Here's a Churchill tank named Bushmills

Bracken Anderson writes about 'Bushmills' Churchill Tank WWII Ulster's only surviving Cavalry is the North Irish Horse.

Wednesday, 5th May 2010, 1:36 pm

Of the 18 Cavalry regiments in action during World War 11 only the NIH were issued Churchill tanks.

Tanks were allocated names of Irish towns. Names were painted on tank sides in white and orange letters. When the "Horse" arrived in North Africa in Feb.1943 one of B Squadron (HQ F) tanks was named BUSHMILLS.

"Bushmills" was a Close Support Churchill of early obsolescent design. It had two 3 inch (75mm) howitzer main guns, one in the turret, and one in the hull or nose.

These early Mk.1 tanks had limited tactical use on the WW11 battlefield and the NIH didn't really want them, or have need for them.

In Tunisia "the Horse" was senior regt. in 25th Tank Brigade, fighting Rommel's Panzer Armee Afrika. Whirling dust made life unpleasant for tank crews, tank commanders had difficulty observing ahead, many commanders were killed by German snipers or mortars whilst peering out of hatches.

German Panzer 111 tanks however, had commander's all round vision cupolas, allowing safe vision through 360 degree periscopes.

There was a lot of knocked out Panzer111's in Tunisia. An NIH officer took measurements from one and it was believed salvaged panzer cupolas could be welded onto Churchill commander hatches to relieve the problem.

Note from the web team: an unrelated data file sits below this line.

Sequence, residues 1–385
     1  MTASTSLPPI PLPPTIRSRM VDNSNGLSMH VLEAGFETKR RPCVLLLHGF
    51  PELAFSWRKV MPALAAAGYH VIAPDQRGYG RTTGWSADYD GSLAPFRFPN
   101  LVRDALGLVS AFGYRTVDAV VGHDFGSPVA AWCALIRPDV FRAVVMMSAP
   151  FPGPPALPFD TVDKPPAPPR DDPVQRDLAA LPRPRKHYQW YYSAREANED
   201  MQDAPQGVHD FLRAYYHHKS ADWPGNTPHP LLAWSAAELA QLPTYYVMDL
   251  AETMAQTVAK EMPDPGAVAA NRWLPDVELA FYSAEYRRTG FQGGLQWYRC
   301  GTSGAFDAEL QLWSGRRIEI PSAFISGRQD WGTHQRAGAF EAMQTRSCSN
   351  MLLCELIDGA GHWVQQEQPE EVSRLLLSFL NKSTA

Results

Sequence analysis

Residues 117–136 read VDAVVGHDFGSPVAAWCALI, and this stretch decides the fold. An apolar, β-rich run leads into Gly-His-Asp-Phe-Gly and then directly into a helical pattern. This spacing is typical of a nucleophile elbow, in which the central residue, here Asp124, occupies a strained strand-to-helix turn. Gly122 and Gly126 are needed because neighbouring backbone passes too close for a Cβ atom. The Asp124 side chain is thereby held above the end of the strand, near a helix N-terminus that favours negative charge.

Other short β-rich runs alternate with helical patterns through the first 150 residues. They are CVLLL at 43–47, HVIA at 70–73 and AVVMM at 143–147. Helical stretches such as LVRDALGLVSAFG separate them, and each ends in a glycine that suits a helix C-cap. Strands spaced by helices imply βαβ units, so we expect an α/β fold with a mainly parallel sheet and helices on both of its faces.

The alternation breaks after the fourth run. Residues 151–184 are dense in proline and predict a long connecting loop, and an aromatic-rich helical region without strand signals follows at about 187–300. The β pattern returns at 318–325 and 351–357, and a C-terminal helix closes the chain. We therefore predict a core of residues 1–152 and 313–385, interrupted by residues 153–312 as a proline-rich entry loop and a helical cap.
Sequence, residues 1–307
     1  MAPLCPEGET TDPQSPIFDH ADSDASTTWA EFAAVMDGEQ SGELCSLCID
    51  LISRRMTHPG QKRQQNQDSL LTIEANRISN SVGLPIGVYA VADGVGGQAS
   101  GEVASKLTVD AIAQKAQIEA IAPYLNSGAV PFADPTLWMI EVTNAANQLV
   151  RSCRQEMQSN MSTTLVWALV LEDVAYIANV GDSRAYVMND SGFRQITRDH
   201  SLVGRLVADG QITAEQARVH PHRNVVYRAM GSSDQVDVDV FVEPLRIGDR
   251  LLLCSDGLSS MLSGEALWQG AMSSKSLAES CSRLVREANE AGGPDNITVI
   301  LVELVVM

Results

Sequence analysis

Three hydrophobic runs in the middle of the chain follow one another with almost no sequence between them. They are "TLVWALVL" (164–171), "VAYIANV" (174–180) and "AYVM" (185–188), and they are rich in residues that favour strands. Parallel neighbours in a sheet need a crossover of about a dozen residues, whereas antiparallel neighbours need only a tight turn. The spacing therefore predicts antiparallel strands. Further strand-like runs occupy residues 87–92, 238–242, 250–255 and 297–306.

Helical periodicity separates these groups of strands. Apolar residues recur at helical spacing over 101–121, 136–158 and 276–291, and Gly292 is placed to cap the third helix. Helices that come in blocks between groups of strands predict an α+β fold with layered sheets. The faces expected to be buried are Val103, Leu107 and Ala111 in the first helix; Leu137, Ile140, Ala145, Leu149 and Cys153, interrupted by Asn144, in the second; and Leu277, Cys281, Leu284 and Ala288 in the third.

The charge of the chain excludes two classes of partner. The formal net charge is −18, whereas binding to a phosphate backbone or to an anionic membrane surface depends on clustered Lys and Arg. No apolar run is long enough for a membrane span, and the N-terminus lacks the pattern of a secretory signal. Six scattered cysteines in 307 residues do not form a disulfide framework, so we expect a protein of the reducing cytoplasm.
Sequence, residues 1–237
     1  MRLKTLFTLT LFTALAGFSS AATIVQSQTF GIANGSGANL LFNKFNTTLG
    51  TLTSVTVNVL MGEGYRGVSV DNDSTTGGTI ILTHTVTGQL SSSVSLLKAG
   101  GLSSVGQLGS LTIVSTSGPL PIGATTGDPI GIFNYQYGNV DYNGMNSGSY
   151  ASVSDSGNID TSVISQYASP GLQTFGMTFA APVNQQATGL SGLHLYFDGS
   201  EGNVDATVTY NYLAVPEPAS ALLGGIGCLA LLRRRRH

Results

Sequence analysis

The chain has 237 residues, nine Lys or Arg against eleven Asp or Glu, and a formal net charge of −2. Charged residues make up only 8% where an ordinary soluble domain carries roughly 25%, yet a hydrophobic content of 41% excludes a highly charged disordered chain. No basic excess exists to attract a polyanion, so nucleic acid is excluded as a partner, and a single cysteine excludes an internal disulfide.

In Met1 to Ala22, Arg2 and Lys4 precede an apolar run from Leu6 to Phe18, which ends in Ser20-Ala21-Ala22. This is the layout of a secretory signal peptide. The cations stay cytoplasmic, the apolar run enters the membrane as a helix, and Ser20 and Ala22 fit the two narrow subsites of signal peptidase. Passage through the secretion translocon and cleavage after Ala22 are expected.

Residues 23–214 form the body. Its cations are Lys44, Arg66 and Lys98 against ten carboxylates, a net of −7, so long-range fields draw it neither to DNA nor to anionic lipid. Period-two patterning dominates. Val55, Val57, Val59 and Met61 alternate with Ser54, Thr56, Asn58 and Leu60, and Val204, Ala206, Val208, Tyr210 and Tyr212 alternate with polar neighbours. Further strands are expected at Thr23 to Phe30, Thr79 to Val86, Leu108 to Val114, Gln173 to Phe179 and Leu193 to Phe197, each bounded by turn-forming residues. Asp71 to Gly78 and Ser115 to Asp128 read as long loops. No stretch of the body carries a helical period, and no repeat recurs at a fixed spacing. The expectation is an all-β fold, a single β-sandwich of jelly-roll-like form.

REME (Royal Electrical & Mechanical Engineers) successfully welded cupolas to all 6 Churchill Mk.1 tanks (2 tanks per squadron). The cupola addition to the Churchills proved successful, however it is not known if any other British tank regiment followed this idea of "using bits of German armour." Fortunately,there is also no record of any NIH tank commander emerging from his German cupola giving the Nazi salute!!

"Bushmills" and its 5 man crew survived the rigours of North Africa and in April 1944 with the rest of the regiment, landed at Naples, Southern Italy. "Bushmills"and its crew fought, with B Sqn NIH (by now part of the 8th Army), up through the bloody Hitler Line battle near Monte Cassino, then Rome and on up through Italy to the heights overlooking the historic town of Florence. As an obsolescent Close Support tank it was finally phased out by September 1944. It is remarkable, this odd looking tank, a throwback in tank design to 1916, survived in service, as long as it did!